Is Dave Ramsey correct? Anyone still around after 10 years?

177 Replies

I've been on the Dave Ramsey bandwagon for the last several years. His advice definitely worked to get us out of debt and allow us to save a pile of cash. But as I look to get more into real estate investing, there's basically 2 schools of thought; use debt and finance everything or pay cash. While I feel I'd be fairly comfortable financing (assuming the numbers work), one thing from Ramsey is still ringing in my head. He says there are no real estate investors that borrow money to do so that are still around 10 years after they begin their journey. My plan is to do this for at least the next 10 years, so the main question is this: is dave ramsey correct? How many investors on here would disagree with his assumption and if so, why? Open to all views. Thanks in advance for your input.

That's a completely untrue statement. I know plenty of investors that have been in this business several decades, and the vast majority use debt. I've been investing since 2005 and always use a mortgage. The ability to obtain very attractive financing is one of the main benefits of real estate investing. If you are leveraged to the hilt and have no cash reserves, that's another story.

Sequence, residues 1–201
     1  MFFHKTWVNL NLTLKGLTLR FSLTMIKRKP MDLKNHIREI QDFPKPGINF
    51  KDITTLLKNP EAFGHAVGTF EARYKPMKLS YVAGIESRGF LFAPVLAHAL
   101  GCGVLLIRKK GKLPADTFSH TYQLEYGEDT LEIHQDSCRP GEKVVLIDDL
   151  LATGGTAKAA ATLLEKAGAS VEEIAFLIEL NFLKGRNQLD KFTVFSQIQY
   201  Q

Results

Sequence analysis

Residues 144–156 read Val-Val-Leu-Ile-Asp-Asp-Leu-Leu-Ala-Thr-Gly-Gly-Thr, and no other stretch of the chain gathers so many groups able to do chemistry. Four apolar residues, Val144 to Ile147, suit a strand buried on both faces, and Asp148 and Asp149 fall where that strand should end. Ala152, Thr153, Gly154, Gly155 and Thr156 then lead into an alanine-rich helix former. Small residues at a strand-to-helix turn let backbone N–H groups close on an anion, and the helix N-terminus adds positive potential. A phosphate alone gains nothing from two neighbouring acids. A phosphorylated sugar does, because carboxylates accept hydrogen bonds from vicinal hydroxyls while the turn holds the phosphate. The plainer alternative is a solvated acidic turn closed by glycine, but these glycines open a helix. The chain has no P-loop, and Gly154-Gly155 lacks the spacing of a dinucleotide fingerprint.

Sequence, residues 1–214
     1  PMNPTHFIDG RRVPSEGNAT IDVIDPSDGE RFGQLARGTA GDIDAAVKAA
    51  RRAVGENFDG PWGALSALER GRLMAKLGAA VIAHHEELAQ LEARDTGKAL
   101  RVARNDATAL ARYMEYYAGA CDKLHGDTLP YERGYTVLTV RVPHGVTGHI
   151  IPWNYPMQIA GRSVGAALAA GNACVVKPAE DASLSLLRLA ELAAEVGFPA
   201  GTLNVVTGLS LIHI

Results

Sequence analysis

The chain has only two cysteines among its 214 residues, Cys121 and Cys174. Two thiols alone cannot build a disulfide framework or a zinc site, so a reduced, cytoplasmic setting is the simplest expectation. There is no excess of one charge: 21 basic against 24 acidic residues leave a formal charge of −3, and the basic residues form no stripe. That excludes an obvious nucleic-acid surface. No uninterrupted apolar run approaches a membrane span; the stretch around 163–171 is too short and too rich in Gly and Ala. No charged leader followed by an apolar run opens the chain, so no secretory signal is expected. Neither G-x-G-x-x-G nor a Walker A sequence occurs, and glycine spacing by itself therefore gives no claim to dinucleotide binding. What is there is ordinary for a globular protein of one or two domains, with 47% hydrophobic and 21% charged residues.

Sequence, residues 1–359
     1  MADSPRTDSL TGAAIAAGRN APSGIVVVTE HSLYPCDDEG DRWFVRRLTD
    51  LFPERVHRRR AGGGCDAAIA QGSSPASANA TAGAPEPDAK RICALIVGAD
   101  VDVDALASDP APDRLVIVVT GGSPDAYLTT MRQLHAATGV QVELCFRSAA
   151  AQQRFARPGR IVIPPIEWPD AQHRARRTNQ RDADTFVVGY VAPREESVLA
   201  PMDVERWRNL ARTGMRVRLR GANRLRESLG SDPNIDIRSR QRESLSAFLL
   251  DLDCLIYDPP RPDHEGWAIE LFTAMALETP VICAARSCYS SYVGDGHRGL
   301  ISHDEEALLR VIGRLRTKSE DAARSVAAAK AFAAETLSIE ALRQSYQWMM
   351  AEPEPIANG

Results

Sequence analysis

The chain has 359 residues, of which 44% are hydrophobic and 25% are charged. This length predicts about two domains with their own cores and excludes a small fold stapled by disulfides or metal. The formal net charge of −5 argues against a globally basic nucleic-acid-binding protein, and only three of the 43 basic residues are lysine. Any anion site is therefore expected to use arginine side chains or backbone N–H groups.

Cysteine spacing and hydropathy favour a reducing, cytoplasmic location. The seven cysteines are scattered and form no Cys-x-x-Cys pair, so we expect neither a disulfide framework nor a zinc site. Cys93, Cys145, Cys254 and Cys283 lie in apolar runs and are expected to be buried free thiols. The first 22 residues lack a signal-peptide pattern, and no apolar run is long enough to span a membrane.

Ummmm, no. 23 years (I know I just invited all the "mine is bigger than yours folks) and leveraged everything. Improvements + revenue increases = appreciation on someone else's dime. Do a quick google on "should I borrow for my investment property" and you'll see that just the appreciation on the much-higher valued leveraged property puts money in your pocket.

My uncle has been in real estate since the 1980s and has over 20 properties all through financing.  He paid them all off too Over the years by putting the rent right back in them.
 
I’ve been in over 5 years myself with 5 properties all financed.

I buy about 90% of what Ramsey says. 

@Wade Kulesa Dave Ramsey is tremendous at helping people get out of debt! I’m happy to hear that his path worked so well for you.

However, his advice on real estate investing doesn't work in the real world. I guess I've only been a real estate investor for 10 years, but it has been great to me. Keep in mind that it is my "side hustle" and not my main job. I use leverage and will continue to do so. I remain conservative though.

Originally posted by @Wade Kulesa :